Fave moment: Moll’s low, low point of robbing a family as their house burns down. Dastardly genius.
7. Offred ““ The Handmaid’s Tale, Margaret Atwood
Offred, faced with an unimaginably bleak situation, refuses to become what Marcuse called “one-dimensional” ““ someone who cannot imagine society being any different from the way that it is. Unlike Ofglen 2, Offred never stops dreaming of another, free life, where she can be with her husband and child again. This book woke me up to the patriarchy as a teen and never fails to tug at my feminist heartstrings.
Fave moment: When Offred steals pats of butter to use as moisturiser. So small and so heartbreaking, and explains so much about the world in which she lives, and shows such a deep understanding of women.
8. Matilda ““ Matilda, Roald Dahl
I wanted Matilda to be my best friend as a child. Hell, I still do. Matilda is a smart, bookish little girl whose brain is so highly developed that having her creativity stifled means she gains actual magic powers that let her move things around without touching them. Matilda is perky and hilarious and she likes going to the library, and she knows how to get the better of her horrible parents and Miss Trunchbull with a series of ingenious tricks, like supergluing her dad’s hat to his head. Matilda is my hero.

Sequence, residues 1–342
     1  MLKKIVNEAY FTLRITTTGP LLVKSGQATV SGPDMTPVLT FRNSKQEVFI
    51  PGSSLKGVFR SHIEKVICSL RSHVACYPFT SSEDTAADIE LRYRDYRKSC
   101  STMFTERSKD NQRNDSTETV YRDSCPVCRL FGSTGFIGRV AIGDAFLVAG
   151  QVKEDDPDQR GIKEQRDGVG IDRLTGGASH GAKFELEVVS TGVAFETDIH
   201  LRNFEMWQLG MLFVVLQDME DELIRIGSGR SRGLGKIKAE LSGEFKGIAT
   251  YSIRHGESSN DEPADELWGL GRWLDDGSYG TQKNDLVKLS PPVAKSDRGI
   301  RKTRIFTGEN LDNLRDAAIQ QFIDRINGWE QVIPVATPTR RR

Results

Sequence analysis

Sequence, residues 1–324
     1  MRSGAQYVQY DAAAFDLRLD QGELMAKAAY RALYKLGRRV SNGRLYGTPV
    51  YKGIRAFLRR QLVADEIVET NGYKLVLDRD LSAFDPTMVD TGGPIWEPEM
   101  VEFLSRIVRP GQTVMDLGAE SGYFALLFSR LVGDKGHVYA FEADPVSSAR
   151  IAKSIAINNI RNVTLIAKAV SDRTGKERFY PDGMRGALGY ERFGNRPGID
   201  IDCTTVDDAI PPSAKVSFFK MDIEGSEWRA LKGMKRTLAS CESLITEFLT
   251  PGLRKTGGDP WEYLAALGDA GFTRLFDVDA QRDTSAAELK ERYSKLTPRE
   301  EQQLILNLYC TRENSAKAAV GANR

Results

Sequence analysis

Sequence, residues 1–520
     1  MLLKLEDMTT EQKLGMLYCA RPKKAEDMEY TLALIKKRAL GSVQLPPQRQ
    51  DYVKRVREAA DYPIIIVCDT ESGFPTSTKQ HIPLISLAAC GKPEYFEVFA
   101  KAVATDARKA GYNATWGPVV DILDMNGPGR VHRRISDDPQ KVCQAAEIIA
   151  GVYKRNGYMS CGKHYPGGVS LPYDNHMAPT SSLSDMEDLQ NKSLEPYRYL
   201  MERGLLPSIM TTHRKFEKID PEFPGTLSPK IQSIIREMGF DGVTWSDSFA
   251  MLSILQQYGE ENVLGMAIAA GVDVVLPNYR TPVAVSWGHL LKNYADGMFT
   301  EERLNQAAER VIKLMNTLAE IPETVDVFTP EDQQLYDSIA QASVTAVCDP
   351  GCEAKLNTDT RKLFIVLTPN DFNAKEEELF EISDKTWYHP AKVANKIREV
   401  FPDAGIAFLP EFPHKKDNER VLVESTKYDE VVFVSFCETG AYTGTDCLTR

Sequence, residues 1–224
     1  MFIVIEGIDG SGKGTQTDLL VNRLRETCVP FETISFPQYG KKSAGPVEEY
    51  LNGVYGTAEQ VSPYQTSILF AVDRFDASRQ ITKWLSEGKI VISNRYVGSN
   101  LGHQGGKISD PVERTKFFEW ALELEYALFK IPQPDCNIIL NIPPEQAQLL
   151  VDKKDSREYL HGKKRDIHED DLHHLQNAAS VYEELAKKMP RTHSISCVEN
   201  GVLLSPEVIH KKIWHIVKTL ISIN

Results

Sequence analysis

Fave moment: When the newt in the jug of water falls onto Miss Trunchbull and she goes flailing around the classroom. Also, when Matilda gets to move in with the delightful Miss Honey. Also, when the children recite the Mrs. Difficulty rhyme and Miss Trunchbull says “Why are all these women married!?” This is all-round an incredibly satisfying book.
Thoughts, kittens? Who are your favourite women in fiction? For discussion purposes, here are some of the other ideas I had who didn’t make the list:
Hermione Granger (Harry Potter), Fermina Daza (Love in the Time of Cholera), Clare DeTamble (The Time Traveler’s Wife), Winnie Louie (The Kitchen God’s Wife), Dora and Nora Chance (Wise Children), Esther Greenwood (The Bell Jar), Sonmi-451 and Luisa Rey (Cloud Atlas), Kambili Achike (Purple Hibiscus), Daisy Goodwill (The Stone Diaries), Kiki Belsey (On Beauty), Cordelia Kenn (This is All), Molly Bloom (Ulysses), Sophie (Sophie’s World), Rosemary Hoyt (Tender is the Night).